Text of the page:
Gustav Mahler, (1860-1911) an Austro-Bohemian was one of the 19th century's leading composers of vocal and symphonic music. He was also a renowned conductor.

His Symphony No. 8 in E Flat Major (a key also hugely favoured by Richard Wagner) was composed in a burst of creativity in 1906, but was not performed in its entirety until 1910, when he conducted it himself in Munich - the last of his works to be premiered.

Mahler liked to blend orchestral and vocal music, and unlike Beethoven's choral symphony, where the singers only appear at the end, they feature all the way through in this work, drawing on Goethe's iconic "Faust" drama as well as Latin hymns, and with a dramatic conclusion extolling the "Ewig-Weibliche" - the eternal feminine.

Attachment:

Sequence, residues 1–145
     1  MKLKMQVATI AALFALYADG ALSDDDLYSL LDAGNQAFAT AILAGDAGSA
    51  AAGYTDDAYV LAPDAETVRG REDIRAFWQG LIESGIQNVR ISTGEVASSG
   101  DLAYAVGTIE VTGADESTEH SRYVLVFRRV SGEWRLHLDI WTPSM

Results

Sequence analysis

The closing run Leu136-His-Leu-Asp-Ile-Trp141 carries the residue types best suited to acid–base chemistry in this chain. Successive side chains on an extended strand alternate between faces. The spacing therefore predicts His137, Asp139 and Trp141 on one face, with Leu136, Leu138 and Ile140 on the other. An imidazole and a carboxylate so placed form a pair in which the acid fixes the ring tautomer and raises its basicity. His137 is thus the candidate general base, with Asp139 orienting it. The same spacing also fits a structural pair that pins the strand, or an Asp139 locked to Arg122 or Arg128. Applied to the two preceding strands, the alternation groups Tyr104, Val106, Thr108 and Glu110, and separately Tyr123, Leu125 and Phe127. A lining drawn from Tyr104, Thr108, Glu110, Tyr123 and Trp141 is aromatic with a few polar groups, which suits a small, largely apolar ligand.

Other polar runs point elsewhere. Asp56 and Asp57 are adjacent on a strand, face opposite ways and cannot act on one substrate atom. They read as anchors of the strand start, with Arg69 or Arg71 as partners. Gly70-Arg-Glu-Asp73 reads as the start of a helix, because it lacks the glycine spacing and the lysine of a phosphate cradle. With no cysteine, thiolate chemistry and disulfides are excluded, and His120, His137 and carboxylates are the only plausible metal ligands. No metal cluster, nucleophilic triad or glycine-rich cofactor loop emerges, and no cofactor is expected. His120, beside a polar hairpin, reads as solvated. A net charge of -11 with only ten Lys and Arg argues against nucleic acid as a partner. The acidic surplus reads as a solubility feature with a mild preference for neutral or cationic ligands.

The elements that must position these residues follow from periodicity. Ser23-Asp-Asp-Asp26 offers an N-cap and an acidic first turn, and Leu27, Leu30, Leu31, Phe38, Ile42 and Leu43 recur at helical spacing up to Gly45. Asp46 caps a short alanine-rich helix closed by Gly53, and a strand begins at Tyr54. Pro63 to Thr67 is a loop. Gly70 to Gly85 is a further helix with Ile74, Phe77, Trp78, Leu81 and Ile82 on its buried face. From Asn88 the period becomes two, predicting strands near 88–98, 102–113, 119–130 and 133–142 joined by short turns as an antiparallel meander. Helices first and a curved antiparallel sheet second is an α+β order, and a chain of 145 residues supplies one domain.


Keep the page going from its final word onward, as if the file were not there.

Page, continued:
Of Jewish heritage, Mahler was banned by the Nazis, but has now been one of the world's most popular composers for decades, and this work is amongst his best known.

Though it does call on enormous vocal and orchestral forces, "thousand" is something of an exaggeration, and Mahler himself never sanctioned the name, but the work is now universally known by it.

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